And for our listeners who aren’t familiar with it, can you tell us a little bit like what does it mean to have the trait versus to have the disease?

Carissa Hunter:

Right. What the sickle cell trait is, is the trait means that an individual is born with just the gene mutation from only one parent. For example, I received the trait gene from my father, and that means that I don’t carry the actual disease. Now, when a child is born with the actual sickle cell disease, it means that both parents carry the trait. In order for the disease to form in the body, two traits have to merge and it creates the sickle cell disease. And that is passed on to your children once you have children.

Rebecca Dekker:

And how did you find out that your daughter had sickle cell anemia?

Carissa Hunter:

We found out during newborn screening, the newborn testing they do after birth, the simple blood tests where doctors check for the rare genetic or hormone-related conditions. We found out that she had sickle cell anemia when she was born, which our case was pretty bizarre a little bit because we do have an older child who doesn’t carry neither the trait or the disease. We actually opt out of the perinatal testing where they could do amniocentesis, which I’m sure some may be familiar with, where they take a sample of the amniotic fluid.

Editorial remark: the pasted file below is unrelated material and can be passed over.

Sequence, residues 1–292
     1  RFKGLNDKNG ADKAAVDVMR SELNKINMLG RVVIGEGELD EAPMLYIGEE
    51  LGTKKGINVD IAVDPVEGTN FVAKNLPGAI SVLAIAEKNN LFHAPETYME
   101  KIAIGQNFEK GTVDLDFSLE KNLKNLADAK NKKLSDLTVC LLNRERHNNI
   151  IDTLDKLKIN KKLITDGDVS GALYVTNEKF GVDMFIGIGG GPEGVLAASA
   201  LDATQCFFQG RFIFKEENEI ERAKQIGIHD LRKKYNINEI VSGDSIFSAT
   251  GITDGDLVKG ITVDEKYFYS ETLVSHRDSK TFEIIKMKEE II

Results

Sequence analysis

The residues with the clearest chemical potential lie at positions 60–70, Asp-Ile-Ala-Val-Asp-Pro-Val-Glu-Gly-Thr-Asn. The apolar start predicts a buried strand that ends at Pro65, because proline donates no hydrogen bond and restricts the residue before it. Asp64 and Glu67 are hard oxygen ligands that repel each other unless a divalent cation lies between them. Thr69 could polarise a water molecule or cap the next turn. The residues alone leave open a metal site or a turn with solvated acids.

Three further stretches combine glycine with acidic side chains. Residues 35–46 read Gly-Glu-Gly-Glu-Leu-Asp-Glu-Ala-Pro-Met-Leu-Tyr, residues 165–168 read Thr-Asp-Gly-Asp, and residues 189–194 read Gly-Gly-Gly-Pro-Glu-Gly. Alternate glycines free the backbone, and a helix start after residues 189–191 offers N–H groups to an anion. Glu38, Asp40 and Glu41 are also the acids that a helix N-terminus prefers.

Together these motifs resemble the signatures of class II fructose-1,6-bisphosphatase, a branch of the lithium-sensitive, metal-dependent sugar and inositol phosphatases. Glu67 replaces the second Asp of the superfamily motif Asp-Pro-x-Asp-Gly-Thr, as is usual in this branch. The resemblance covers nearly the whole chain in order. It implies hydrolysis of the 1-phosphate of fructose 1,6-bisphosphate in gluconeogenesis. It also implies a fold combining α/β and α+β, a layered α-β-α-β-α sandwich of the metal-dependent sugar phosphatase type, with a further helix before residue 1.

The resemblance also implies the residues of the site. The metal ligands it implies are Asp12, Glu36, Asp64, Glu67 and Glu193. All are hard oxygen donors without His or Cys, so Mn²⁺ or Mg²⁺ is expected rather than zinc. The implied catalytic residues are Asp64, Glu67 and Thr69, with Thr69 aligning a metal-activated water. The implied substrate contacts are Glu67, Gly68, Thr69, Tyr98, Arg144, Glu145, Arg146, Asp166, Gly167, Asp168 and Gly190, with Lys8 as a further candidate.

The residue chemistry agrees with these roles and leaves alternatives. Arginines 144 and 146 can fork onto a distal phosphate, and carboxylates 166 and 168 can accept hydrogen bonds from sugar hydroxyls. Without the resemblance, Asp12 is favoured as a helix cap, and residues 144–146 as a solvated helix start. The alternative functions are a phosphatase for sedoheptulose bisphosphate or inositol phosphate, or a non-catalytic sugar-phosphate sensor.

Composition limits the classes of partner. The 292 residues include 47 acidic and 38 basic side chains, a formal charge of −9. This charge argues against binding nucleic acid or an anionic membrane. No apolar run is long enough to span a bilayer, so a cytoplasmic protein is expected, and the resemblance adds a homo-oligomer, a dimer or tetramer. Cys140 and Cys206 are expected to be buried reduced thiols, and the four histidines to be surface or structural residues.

This is where they could check for fetal infections or abnormalities in pregnancy or during pregnancy before the child is born. We chose not to do that. We wished we would have, but for some like us, it could have helped us mentally prepare, but we would have found out at birth, which is newborn screenings are done and automatically tested if they choose to do that.

Rebecca Dekker:

Do you find that a lot of… Just kind of speaking about the amniocentesis a little bit, is that often encouraged in people who are known to have the trait, or is it pretty much offered to people who know they have the trait, or is it not always offered?